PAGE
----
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'I'm no traitor': Confessions of a Republican Clinton supporterby Emily Atkin

Watch:  Mitt Romney's former finance director dishes on why he's voting for Hillary Clinton

The 2012 presidential election was easy for David Nierenburg.

As Mitt Romney's then-financial committee chairman and a good friend of the former Massachusetts governor, Nierenberg had no second thoughts about who to vote for. 

2016 has been much harder.

But after much reflection, Nierenburg -- who has voted for a Republican in every presidential election but one since 1976  -- decided that this year, he would cast his ballot for Democratic nominee Hillary Clinton. 

"It was not an easy decision for me."

"From a political point of view, it was not an easy decision for me," Nierenberg told Circa during a sit-down interview in Washington, D.C.

But as the grandson of Jewish immigrants to the United States, Nierenberg said he could not support Republican nominee Donald Trump, who has based his campaign partially on harsh rhetoric toward immigration. 

Clinton "emotionally mature and centered"

Because of Trump's immigration policies -- and his "divisive and xenophobic" rhetoric -- Nierenberg said he'd break with his party, and vote for Clinton instead in November. 

"Hillary Clinton knows her stuff," Nierenberg wrote in an op-ed announcing his support for Clinton earlier this month.

"She is emotionally mature and centered. She respects and enjoys working with people from all backgrounds. She has the diplomatic skills needed to break the gridlock in Washington and lead our country well."

Temperament trumps ideology

Nierenberg said that he usually votes Republican because he believes in "well-managed, cost-effective" small government. But to him, a candidates' temperament is equally as -- if not more important than -- their ideology. 

"Competency and character are tremendously important," he said. "In fact, without wanting to be punny, they may, for me, 'trump' the issues."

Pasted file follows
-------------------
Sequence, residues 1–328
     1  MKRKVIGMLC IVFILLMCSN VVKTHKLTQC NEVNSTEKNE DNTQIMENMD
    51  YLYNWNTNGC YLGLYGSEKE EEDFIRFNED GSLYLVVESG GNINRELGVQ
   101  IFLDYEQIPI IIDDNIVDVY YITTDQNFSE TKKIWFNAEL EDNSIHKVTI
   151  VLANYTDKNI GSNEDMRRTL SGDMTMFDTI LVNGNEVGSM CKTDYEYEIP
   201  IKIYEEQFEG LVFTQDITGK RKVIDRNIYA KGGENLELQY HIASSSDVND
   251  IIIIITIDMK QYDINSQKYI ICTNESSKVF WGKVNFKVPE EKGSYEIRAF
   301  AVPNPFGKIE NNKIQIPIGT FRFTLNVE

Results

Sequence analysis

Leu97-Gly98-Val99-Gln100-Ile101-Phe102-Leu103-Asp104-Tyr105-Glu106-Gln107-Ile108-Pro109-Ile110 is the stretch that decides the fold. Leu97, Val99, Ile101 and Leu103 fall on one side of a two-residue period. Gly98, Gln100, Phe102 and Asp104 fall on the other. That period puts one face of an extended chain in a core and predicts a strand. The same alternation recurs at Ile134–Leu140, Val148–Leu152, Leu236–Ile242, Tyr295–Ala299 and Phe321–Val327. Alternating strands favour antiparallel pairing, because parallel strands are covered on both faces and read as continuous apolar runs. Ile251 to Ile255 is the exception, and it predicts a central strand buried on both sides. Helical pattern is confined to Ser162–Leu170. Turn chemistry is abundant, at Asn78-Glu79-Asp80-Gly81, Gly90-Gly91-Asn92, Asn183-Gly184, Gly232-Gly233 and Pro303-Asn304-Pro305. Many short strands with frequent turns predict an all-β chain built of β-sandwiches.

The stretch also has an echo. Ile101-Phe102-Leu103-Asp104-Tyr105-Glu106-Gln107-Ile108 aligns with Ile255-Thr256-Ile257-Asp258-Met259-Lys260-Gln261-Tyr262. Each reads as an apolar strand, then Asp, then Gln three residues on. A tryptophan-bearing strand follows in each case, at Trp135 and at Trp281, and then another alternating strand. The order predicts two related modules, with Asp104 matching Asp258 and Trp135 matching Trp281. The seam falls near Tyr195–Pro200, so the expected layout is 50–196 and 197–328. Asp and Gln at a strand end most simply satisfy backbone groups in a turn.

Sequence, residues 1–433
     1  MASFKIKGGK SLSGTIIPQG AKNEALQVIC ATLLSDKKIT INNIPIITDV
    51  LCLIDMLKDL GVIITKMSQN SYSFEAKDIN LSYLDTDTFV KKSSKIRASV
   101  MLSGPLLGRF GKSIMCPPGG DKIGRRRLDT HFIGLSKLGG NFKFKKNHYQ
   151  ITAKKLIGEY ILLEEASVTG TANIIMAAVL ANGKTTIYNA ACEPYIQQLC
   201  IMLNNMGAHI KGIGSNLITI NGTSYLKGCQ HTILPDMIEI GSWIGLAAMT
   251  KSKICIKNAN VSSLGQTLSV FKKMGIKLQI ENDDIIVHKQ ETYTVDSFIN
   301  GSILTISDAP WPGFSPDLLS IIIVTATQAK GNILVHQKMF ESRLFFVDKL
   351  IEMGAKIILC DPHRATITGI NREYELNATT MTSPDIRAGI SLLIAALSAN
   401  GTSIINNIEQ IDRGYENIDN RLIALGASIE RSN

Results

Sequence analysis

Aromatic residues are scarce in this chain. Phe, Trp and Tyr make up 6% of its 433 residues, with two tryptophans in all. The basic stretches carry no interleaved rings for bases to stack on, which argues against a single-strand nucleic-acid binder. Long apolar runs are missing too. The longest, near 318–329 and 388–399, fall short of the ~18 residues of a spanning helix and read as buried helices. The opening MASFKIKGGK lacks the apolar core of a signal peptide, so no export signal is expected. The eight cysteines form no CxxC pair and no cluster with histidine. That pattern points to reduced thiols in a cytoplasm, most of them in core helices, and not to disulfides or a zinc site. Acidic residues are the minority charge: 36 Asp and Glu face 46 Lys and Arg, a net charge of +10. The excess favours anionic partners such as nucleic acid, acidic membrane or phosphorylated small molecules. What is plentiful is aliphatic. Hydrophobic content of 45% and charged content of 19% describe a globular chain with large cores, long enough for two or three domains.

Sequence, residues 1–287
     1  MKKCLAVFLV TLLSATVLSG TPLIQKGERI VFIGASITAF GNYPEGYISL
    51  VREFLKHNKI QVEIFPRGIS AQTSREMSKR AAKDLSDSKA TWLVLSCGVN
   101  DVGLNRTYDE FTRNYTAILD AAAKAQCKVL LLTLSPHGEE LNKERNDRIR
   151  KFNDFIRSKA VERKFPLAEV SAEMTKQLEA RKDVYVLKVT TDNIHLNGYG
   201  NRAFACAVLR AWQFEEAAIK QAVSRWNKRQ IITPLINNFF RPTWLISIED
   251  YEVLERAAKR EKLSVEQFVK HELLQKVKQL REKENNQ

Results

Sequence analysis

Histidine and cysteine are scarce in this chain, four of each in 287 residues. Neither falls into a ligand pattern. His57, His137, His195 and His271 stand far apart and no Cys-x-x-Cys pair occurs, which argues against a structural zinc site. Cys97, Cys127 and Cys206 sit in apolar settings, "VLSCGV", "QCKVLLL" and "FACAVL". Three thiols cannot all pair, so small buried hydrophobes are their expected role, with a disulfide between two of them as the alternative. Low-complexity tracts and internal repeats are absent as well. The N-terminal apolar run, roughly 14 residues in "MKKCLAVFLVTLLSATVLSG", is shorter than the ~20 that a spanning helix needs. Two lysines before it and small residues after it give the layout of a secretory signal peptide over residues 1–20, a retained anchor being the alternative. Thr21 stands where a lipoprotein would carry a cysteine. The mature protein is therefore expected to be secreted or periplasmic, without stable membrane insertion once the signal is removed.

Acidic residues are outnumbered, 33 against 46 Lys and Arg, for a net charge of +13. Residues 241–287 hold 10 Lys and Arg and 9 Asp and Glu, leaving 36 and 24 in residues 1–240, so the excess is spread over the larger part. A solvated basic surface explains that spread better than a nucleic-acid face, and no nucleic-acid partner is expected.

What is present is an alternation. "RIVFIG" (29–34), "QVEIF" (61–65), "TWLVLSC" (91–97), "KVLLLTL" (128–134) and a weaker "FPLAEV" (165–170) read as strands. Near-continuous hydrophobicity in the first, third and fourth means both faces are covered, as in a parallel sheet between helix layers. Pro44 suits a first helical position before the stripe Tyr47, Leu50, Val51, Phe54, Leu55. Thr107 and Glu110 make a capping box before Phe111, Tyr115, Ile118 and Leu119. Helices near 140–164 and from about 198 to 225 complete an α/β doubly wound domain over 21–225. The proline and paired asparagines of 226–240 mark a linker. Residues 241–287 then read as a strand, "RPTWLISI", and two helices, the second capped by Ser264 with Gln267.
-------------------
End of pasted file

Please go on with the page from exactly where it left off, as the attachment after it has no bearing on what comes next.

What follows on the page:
I wonder about the man's stability. I wonder about his aggression. I wonder about his lack of civility and common decency.

David Nierenberg, talking about Donald Trump

Post-endorsement consequences 

Things didn't go 100 percent smoothly after Nierenberg's public endorsement of Clinton.

Almost immediately after his op-ed went live, he said, his office started receiving "nasty" and "verbally abusive" phone calls from strangers.

What did those strangers say?

"The only printable word would probably be the word 'traitor,'" Nierenberg said. 

'I don't always fit well inside either party'

Nierenberg has mixed feelings about being called a traitor to Republicans.

On the one hand, he's used to it. He hasn't always sided with his party, and in the past has donated to several Democrats. He's also known for sometimes supporting traditionally Democratic institutions, like Planned Parenthood. 

"I don't always fit well inside either party," he said. "So I make my decisions largely on my assessment of the human attributes of the candidate."

'It's no traitor to be true to your conscience'

On the other hand, Nierenberg disagrees that deciding to vote for a Democrat makes him a "traitor" to his party.

"It's no traitor to be true to your conscience, true to your family history, true to your legacy, and the future of your children," he said. "If that is what is a traitor, than many Americans should join me in saying that they're happy to be guilty as charged."

Positive responses, too 

Not all of the phone calls Nierenberg received after publicly endorsing Clinton were negative. In fact, he said the majority were just the opposite.

"I also had about 250 phone calls and text messages and emails from people I know, and so the positive feedback was over 95 percent," he said.

"But the negatives were so sharp, and so uncivil, and so obscene, that I don't easily forget about them."

Nierenberg joins growing list 

Since Trump clinched the Republican nomination, several high-profile Republicans have come out in support of Hillary Clinton.

That list includes Rep. Richard Hanna (R-NY); former EPA administrators  William D. Ruckelshaus and William K. Reilly; former U.S. Sen. Larry Pressler; former Michigan Gov. William Milliken; former Hewlett Packard CEO Meg Whitman; and former George W. Bush aide Lezlee Westine.